Menu JTA Search

Rep. Badillo Urges Overhaul of Poverty Guidelines to Include Jewish Poor

Rep. Herman Badillo (D.NY) described the Jewish poor as “the forgotten poor of New York” at a City Hall news conference Friday and urged a total overhaul of the city’s poverty guidelines “to deal with the poor not so much on the basis of where they happen to be located but on the incidence and nature of poverty Itself.”

Rep. Badillo, the only Puerto Rican in the US Congress, noted that Jewish poor, particularly the elderly, “have been tragically excluded from much of the city’s anti-poverty effort because when the program began eight years ago it was targeted at 26 selected geographic areas.” Many poverty stricken Jews do not live in the officially designated poverty areas and have thus been deprived of aid to which they are entitled.

Badillo noted that 12 percent of the city’s residents are senior citizens and some 60 percent of the Jewish poor are elderly. He made his remarks at the news conference where he joined S. Elly Rosen, executive director of the Association of Jewish Anti-Poverty Workers; Deputy Bronx Borough President Louis Benza; Assemblyman Leonard Silverman and City Councilman Thomas Manton in protesting discrimination against the Jewish poor.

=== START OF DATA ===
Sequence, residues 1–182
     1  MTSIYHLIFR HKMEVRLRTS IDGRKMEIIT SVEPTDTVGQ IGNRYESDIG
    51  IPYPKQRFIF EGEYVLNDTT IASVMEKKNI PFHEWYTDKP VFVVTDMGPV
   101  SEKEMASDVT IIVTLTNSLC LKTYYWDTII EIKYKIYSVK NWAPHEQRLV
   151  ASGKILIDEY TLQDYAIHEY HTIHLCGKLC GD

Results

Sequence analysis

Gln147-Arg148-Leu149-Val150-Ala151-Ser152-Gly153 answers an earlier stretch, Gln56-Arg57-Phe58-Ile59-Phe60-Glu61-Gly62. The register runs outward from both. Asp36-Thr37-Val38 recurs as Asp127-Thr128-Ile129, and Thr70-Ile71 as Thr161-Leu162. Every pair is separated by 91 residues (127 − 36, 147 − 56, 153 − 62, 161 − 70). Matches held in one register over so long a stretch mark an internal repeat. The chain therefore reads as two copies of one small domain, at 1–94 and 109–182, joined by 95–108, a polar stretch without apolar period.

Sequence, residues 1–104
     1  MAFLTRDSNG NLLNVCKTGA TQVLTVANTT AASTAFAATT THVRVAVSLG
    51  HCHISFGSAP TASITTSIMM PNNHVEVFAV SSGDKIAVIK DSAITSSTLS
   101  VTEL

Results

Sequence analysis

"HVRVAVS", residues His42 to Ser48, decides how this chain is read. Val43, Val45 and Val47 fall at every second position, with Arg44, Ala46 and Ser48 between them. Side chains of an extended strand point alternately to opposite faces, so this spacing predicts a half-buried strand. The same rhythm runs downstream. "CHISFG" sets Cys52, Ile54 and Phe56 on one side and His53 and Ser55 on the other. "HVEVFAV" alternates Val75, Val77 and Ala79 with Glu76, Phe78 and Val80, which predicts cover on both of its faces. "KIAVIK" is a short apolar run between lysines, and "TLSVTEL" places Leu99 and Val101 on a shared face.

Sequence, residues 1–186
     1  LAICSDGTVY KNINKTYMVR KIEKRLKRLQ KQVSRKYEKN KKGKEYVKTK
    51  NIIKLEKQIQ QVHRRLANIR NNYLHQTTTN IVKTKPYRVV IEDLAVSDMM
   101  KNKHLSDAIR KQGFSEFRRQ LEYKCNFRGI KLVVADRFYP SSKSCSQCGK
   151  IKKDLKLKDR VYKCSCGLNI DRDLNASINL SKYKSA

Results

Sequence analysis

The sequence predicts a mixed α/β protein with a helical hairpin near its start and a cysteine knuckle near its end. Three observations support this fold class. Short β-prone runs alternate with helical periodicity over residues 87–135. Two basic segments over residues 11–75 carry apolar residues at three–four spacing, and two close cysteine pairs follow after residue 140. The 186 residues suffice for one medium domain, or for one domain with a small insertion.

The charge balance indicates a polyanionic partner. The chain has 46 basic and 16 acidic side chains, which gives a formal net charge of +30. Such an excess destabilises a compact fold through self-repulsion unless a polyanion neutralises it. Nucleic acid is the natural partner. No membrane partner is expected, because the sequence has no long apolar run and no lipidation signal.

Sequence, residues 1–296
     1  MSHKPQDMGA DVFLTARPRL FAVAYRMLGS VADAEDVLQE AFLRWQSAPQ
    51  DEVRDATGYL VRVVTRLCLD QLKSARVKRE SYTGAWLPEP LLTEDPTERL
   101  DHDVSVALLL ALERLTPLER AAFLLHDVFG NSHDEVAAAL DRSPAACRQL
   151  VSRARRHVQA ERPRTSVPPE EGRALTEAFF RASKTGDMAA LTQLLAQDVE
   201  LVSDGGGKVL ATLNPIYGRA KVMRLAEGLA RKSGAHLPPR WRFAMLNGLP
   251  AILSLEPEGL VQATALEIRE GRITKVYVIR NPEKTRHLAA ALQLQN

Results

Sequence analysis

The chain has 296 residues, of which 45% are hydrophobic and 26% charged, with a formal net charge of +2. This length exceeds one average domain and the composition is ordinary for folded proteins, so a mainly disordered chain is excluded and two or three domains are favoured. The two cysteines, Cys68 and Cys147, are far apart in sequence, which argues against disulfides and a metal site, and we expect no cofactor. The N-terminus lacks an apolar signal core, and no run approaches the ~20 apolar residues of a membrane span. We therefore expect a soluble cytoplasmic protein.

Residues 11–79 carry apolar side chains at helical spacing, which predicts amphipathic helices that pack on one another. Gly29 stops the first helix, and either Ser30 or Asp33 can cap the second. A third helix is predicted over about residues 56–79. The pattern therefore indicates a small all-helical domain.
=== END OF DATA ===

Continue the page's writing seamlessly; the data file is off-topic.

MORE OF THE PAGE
Badillo said the protests were a follow-up to Congressional hearings last year which revealed systematic discrimination against the Jewish poor in the structure and conduct of the City’s anti-poverty programs. Rosen, whose testimony at those hearings was responsible for focussing attention on the Jewish poor, told the news conference that despite a year of “promises and pledges,” the city has failed to improve appreciably the condition of Jewish poor.

Rosen said that “all that has been accomplished is that the excuse has been taken away, because by now most responsible government officials, private organizations and individuals admit to the existence of large numbers of silently suffering poor Jews. . . totally ignored by programs allegedly provided to help all poor people.” Rosen called this “discrimination” against 300,000 poor Jews here. He accused officials up to “those in the Mayor’s office” of “lying to and betraying even the defenseless poor.”

NEXT STORY